Starting this week, MediaWave presents a multi-part series on the state of Transmedia collaborations in Australia. With the assistance of Screen Australia's Mike Cowap, I interviewed producers of traditional and cross-platform projects about a series of issues including:

- The benefits of a Transmedia approach.
- The pros and cons of putting together your own team or working with an agency.
- Common pressure points in the transmedia team.
- How to ensure productive collaboration.
- Deciding on a native transmedia project or a multiplatform marketing strategy. |

Collaboration Between Traditional and Digital Media: Why, Who and How?

This series is aimed at screen content creators considering collaboration with digital experts in order to deliver their IP across multiple platforms, or to use newer storytelling methodologies.

First, we will look at why you might choose to enter this space. Then we will profile potential members of a multi-disciplinary team, assess what they can contribute and suggest who will be doing what. 

We will go on to evaluate different ways to source members of the team and then through a series of interviews with experienced practitioners, we’ll identify some of the issues they’ve encountered when working in multi-disciplinary teams. 

Finally, we will discuss best practice to ensure a productive collaboration.  

Why Collaborate?

The simple answer – to reach bigger audiences by distributing your content on to the new platforms.

Recent advances in technology have seen an explosion in opportunities for storytellers. Interactive storytelling techniques are used to give the user a richer experience and the content in all its forms is distributed across a plethora of devices. Few individuals have the full range of skills and expertise to develop and produce projects that take full advantage of these tools and techniques. 

Collaboration between multi-disciplinary teams is the only way to ensure the full skill set is being used. However, these team members may come from very different backgrounds and work cultures meaning, like any good relationship, work is required to ensure it all runs smoothly.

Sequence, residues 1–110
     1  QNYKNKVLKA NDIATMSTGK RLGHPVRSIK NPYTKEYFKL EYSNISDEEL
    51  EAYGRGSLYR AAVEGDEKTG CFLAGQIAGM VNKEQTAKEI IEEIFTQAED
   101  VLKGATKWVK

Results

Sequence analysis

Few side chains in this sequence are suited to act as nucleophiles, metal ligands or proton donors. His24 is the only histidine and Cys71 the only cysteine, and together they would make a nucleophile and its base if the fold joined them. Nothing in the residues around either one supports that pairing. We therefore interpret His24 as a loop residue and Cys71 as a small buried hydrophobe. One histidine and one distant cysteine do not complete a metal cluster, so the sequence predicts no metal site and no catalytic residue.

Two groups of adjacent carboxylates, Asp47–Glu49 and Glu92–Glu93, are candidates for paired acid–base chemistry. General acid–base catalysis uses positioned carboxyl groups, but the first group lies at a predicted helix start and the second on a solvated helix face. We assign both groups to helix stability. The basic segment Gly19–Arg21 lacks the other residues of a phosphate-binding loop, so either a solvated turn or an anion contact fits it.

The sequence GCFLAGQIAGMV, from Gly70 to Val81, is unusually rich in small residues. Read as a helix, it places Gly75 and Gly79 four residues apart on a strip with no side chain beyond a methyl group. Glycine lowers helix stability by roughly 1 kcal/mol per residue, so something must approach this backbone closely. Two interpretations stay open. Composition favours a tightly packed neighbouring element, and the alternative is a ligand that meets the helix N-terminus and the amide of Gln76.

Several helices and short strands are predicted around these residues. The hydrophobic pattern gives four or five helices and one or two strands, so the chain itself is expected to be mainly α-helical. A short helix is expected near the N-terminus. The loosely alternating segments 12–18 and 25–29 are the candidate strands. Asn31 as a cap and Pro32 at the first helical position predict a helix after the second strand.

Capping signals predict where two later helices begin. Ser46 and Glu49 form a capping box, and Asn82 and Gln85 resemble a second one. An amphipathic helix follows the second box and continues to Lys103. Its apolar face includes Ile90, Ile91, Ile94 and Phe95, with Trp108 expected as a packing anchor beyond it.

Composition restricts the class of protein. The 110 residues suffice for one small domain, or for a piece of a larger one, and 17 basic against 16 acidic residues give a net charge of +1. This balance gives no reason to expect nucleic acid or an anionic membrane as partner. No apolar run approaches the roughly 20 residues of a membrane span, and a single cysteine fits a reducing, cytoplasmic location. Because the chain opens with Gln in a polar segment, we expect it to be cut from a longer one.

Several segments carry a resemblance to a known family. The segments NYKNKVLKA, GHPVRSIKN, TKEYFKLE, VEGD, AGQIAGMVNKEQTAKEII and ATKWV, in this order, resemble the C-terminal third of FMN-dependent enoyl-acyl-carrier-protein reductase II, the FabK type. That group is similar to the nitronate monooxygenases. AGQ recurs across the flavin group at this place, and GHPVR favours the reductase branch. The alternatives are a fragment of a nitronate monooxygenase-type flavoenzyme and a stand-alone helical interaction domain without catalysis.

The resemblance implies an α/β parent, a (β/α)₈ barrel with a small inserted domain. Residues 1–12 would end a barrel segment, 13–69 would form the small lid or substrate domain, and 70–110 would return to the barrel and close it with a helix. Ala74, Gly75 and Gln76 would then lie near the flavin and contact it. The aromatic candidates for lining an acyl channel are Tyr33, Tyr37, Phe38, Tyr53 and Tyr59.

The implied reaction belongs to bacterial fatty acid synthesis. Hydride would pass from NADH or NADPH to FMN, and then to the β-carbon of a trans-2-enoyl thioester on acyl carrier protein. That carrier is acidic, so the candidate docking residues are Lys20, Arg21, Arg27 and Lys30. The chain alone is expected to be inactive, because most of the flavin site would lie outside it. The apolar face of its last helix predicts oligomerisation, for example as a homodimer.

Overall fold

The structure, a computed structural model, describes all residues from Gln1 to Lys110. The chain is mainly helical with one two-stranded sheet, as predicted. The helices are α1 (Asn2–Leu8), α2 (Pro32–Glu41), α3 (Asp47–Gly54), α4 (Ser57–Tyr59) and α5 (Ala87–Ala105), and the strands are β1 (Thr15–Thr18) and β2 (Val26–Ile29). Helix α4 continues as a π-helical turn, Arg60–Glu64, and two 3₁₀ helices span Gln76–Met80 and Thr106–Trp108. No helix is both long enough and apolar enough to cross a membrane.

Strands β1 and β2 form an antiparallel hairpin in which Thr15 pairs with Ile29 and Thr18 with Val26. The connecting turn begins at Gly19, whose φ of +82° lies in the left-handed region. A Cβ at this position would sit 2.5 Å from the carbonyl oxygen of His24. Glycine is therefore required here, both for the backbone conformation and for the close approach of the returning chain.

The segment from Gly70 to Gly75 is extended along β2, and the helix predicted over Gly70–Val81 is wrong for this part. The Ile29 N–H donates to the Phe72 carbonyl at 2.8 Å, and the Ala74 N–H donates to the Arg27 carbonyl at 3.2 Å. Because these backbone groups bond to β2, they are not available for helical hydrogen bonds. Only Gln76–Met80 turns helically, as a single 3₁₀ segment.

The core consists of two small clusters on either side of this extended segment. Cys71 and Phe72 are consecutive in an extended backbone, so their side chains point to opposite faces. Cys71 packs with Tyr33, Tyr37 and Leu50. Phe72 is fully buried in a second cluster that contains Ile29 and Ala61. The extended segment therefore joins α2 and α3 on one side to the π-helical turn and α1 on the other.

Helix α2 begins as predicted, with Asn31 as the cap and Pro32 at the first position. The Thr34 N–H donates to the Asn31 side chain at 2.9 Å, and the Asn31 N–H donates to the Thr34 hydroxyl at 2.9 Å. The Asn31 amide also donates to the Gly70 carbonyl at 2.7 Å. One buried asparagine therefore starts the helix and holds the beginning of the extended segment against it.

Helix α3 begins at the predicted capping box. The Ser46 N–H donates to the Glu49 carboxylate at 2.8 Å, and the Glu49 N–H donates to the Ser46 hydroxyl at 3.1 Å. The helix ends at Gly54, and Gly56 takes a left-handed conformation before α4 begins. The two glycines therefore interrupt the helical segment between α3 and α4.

Specific areas for collaboration might be a digital marketing campaign or a full transmedia strategy around a feature film or television show.  It might be a partnership between a writer and game developer to deliver a gaming experience with added layers of meaning, or it might be a true transmedia experience devised exclusively for online consumption.

The whole media landscape is in a transition phase. Audiences are being engaged in a whole lot of new ways.

We have spoken to people from both sides of the rapidly disappearing digital divide - the “linear” producers who have embraced transmedia and the digital natives.

Over the next few weeks, you can read a selection of their responses to the key issues around transmedia producing.

Straight away you can see the quandary that most producers face at the start of a project - how far to go with interactivity and who to go on the adventure with?

A quick tour of the landscape.

There are a few terms that are used in this space, that can be used interchangeably or perhaps in the wrong context.